Risks Abound

Risks Abound

The market’s tone has been one of risk-off, as political fallout in both Europe and the United States is weighing on investor resolve, imposing an unpalatable risk on investor sentiment. Investors are now seeking shelter in safe havens to weather the mounting risk.

Australian Dollar

The focus today will be on the RBA later in the session. The RBA are expected to maintain a very neutral stance, with little reason to expect any deviation from this steadfast approach. However, given a lack of communication from the central bank lately, the AUD may be susceptible to a shift in language. A shift in tone could come from either global trade concerns or the domestic front, as risk is building about inflation, which continues to run below RBA forecasts, or weakness in the latest employment rates, which could lead to a dovish tone from the RBA. That said, while the market is in the thick of a run in USD weakness, it is unlikely the RBA will alter their course on interest rates.

Yesterday’s mushy retail sales print hung over the Aussie like a dark cloud overnight, and the slide in oil prices on the back of increases in the US rig count did not help the commodity block’s cause.

Japanese Yen

Pick your poison for the latest dollar swoon. Whether it is a miss on US wage growth, Trump induced risk aversion, or softening of US yields, the so-called dollar correction is beginning to look like a full blown rout, as the dollar bulls concede yardage by the hour. Indeed, stops below ¥112.00 triggered the deeper move to ¥111.50.

If the near term line in the sand was indeed 112, the risk should be skewed for a deeper correction. However, I think traders are having a difficult time committing to longer term views in these politically charged environments, and are exhibiting reluctance to  chase either side of the dollar coin. However, if the market cannot regain the ¥112.00 soon, dollar bears will pounce on the opportunity to drive the Greenback lower.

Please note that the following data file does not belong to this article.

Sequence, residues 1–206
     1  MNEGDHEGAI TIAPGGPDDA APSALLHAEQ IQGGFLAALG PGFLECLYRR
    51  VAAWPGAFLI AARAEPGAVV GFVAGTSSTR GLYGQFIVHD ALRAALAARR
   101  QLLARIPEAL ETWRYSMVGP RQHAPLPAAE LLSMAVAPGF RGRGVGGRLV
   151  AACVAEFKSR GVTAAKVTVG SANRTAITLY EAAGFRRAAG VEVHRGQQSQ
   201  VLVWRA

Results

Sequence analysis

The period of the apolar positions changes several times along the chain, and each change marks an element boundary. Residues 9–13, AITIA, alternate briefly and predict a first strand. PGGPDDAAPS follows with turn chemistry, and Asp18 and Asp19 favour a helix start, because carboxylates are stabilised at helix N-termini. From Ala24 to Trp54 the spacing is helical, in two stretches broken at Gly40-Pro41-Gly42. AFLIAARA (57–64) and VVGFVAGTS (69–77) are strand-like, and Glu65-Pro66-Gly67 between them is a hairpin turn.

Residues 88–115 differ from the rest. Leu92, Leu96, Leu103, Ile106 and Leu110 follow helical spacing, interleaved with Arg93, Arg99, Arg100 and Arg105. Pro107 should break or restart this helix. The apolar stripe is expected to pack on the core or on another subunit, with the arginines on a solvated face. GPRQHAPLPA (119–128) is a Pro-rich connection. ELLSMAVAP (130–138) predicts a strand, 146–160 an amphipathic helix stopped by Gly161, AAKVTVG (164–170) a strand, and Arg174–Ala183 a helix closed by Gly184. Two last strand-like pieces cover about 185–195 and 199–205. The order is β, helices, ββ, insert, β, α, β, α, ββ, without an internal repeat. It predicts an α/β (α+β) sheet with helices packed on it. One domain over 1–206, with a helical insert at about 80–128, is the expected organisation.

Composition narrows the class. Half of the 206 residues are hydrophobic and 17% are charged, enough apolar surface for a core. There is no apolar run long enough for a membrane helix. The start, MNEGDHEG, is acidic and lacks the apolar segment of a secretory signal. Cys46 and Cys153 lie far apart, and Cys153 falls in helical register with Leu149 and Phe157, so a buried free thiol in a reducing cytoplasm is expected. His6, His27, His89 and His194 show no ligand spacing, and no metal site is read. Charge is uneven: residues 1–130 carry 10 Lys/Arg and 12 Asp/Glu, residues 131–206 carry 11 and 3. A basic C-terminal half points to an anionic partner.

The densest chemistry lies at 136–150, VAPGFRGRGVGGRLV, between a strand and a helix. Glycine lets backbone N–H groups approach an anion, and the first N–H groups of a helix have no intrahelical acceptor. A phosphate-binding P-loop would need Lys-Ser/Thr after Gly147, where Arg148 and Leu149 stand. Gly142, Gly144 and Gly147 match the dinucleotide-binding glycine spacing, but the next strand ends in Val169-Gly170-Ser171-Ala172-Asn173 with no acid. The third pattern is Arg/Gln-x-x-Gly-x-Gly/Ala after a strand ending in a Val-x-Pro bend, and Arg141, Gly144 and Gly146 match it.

Moreover, for good measure, Reuters reported that Japan’s former currency king Eisuke Sakakibara has said the USD could fall below 100 JPY by year-end, as Trump’s perceived support for a weak dollar helps slow the pace of rate hikes by the Fed.


Political uncertainty is mounting as election storm clouds gather over the continent. From growing waves of populism to Penelope–gate, the threat of global risk aversion is starting to build.

On the French election front, Parisian’s response to Francois Fillion comments that he has nothing to hide concerning Penelope–gate will be carefully monitored. Before his recent address, 61% of French voters and 31% supporters of the Right and the Centre think Fillon should have pulled out of the elections.

Emerging Market  APAC

Investors continue to buy EM Asia on the back of broader based USD weakness. Over short term, this could increase as the USD is precariously perched and poised to move lower with all eyes focused on USDJPY after the break of ¥112.0.

This article is for general information purposes only. It is not investment advice or a solution to buy or sell securities. Opinions are the authors; not necessarily that of OANDA Corporation or any of its affiliates, subsidiaries, officers or directors. Leveraged trading is high risk and not suitable for all. You could lose all of your deposited funds.

Stephen Innes

Stephen Innes

Head of Trading APAC at OANDA
Stephen has over 25 years of experience in the financial markets and currently based in Singapore as the Head of Trading Asia Pacific with OANDA. Stephen's market views focus on the movement of G-10 and ASEAN Currencies. His views appear in Bloomberg, CNBC.Reuters, New York Times WSJ and the Economist. His media appearances include Bloomberg TV & Radio, BBC International, Sky TV, Channel News Asia, ASTRO AWANI and BFM Malaysia. Stephen has an extensive trading experience in Spot and Forward FX, Currency and Interest Rate Futures, Money Market Derivatives and Precious Metals. Before joining OANDA, he worked with organisations like Nat West, Chemical Bank, Garvin Guy Butler, and Sumitomo Mitsui Banking Corporation. Stephen was born in Glasgow, Scotland, and holds a Degree in Economics from the University of Western Ontario.
Stephen Innes